Matsubara, Japan’sresourceful all-rounder

It was yet another Japan masterclass on Thursday,

as the Young Nadeshiko stormed into the last four

at the FIFA U-20 Women’s World Cup Papua New

Guinea 2016 with a stylish 3-1 win over Brazil.

Japan’s usual attacking outlets – Yui Hasegawa,

Yuka Momiki and Hina Sugita – were prominent as

always, but this time it was another name to the

fore; Shiho Matsubara.

Coming on at half-time, Matsubara netted after just

five minutes and added a second midway through

the second half. Her second goal was taken with

the poise of a supremely confident player.

Controlling an awkward bouncing cross at the back

post, Matsubara brought it down, shimmied past a

defender and side-footed the ball inside the

furthest post.

Japan have already scored 14 goals in just four

outings thus far at Papua New Guinea 2016. In

truth, they could have easily have scored more

than three against Brazil at Port Moresby’s

National Football Stadium on Thursday evening.

“The coach told us to chase more goals at half-

time and put the game away,” Matsubara told

FIFA.com . “We stepped up and had a good second

half. I did the job for the team that I could, and

tried to contribute where I could and the task I was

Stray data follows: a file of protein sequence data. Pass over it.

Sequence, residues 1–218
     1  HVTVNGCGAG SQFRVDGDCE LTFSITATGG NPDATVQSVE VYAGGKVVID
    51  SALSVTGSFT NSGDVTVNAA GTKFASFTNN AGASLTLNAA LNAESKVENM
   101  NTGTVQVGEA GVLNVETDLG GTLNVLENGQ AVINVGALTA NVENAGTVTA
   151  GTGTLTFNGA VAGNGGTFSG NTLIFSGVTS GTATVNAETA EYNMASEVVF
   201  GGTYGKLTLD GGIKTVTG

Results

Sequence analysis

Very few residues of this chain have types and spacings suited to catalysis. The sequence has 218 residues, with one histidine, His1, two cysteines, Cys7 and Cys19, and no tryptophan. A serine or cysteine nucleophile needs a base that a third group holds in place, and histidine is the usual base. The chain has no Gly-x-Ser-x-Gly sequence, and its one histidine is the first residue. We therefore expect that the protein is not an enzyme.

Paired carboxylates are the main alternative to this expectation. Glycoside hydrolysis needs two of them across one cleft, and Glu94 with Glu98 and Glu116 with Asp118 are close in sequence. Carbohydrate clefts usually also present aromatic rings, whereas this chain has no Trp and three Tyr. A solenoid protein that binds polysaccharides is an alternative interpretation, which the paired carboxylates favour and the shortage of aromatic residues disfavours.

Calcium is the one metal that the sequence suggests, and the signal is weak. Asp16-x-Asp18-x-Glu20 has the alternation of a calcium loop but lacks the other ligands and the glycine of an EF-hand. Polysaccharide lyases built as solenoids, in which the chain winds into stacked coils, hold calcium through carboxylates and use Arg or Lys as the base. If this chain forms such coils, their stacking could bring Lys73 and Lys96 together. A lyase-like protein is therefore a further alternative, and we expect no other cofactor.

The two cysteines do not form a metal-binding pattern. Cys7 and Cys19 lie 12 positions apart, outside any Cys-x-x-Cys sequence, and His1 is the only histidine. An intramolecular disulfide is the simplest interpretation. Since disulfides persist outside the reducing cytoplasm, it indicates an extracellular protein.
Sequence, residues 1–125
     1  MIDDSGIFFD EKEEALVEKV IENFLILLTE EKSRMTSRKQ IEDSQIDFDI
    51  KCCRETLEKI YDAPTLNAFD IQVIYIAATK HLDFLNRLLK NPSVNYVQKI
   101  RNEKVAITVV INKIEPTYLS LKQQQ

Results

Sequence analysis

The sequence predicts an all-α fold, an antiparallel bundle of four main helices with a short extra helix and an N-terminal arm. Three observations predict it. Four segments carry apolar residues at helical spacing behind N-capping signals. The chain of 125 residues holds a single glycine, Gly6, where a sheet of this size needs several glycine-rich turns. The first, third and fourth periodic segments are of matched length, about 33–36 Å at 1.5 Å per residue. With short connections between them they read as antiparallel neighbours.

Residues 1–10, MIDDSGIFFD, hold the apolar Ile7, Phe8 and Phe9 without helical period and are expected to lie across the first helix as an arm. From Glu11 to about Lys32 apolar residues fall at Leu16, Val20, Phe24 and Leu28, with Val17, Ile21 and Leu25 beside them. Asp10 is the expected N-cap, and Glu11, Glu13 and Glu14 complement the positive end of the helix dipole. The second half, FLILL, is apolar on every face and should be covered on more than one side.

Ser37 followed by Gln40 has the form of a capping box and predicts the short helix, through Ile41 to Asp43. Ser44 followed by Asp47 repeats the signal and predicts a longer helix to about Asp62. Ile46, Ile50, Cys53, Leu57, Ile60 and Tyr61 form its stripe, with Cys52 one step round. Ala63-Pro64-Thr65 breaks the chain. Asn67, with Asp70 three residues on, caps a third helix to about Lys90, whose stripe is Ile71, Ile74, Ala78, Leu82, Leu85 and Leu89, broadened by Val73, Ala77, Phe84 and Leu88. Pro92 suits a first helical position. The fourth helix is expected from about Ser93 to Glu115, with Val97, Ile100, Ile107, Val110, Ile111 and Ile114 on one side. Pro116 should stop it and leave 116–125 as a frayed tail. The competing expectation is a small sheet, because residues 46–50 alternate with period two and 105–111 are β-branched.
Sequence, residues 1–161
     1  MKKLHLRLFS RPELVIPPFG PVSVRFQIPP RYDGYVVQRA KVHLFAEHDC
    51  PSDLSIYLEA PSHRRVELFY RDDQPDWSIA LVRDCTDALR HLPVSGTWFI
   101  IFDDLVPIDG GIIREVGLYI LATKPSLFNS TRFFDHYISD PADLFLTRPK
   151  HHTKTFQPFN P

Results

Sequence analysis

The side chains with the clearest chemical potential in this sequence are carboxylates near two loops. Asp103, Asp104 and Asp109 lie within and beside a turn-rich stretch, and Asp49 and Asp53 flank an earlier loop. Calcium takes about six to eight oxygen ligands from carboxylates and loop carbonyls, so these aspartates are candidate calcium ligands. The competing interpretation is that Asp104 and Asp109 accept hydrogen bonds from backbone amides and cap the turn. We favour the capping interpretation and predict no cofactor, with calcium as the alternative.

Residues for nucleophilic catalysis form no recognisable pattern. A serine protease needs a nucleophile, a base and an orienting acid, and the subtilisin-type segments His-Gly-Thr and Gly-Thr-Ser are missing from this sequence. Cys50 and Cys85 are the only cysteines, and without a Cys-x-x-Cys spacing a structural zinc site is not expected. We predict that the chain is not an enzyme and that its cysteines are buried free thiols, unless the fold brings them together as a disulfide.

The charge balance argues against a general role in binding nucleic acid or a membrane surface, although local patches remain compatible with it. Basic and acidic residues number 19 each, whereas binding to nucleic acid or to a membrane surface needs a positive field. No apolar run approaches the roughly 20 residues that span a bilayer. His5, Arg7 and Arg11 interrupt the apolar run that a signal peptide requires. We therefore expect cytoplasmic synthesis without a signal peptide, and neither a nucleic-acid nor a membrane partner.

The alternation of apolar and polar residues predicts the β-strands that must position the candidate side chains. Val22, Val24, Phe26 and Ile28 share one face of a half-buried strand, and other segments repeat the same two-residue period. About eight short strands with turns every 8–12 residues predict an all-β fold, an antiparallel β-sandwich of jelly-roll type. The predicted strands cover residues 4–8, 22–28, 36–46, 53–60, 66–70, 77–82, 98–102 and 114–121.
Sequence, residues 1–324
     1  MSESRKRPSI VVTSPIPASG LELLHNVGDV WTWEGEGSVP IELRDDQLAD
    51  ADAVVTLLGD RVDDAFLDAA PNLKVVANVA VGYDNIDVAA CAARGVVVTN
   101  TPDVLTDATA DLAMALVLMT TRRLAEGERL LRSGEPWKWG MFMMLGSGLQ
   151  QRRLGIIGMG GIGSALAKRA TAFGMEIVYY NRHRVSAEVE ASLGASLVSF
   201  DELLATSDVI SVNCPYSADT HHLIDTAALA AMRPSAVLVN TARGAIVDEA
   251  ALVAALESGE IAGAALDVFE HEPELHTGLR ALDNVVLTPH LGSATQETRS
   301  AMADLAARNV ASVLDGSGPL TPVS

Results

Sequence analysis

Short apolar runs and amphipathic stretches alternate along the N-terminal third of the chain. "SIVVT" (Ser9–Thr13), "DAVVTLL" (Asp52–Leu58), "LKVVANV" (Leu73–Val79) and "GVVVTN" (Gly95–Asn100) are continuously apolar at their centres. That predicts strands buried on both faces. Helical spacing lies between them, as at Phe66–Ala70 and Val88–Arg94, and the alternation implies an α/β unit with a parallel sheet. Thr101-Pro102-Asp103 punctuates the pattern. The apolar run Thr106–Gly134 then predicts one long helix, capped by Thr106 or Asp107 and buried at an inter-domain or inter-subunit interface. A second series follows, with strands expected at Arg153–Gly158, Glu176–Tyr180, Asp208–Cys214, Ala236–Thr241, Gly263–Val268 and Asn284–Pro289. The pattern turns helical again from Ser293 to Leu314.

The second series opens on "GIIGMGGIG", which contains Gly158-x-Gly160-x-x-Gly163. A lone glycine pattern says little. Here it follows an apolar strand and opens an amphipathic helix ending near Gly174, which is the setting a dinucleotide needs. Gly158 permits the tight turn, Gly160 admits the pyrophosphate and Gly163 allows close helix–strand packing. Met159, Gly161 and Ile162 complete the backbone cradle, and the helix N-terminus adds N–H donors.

set. Every small contribution greatly helps.”

Goalscoring all-rounder

Nine games played, four goals scored. That is the

record at FIFA tournaments for Matsubara. Not a

bad goalscoring return for a defender. But while

Matsubara is ostensibly lining up in the Japan

squad as a defender, coach Asako Takakura has

long used the 19-year-old as a utility player. It

was exactly the same scenario in Costa Rica two

years ago when Takakura led her Little Nadeshiko

side, Matsubara included, to the FIFA U-17

Women’s World Cup title. Matsubara has even

been known to play in the forward line for her

Nadeshiko League side Cerezo Osaka.

“It was a good feeling then,” said Matsubara,

reflecting on what was a deserved win for Japan at

Costa Rica 2014. “But this is a different category

where the stakes are much higher. The

accumulated pressure and the different factors are

much higher now.”

Japan boast a remarkable record at U-17 level –

they fell just short of a second title in Jordan only

last month – but success has been harder to

come by at U-20 level. Only once prior to Papua

New Guinea 2016 have Japan reached the semi-

finals, and that was on home soil four years ago.

Can they make history this time?

“We didn’t qualify last time and so we were

mindful of first improving on that first of all,”

Matsubara said. “All teams want to be the best in

the world, and we are now well placed to achieve

that.

“It is a do or die time, and of course, once we lose

we go back home, and that is not our purpose or

goal when we arrived yet. We are working on the

notion that we will keep winning and I feel

confident and have a good feeling about this

tournament.”​

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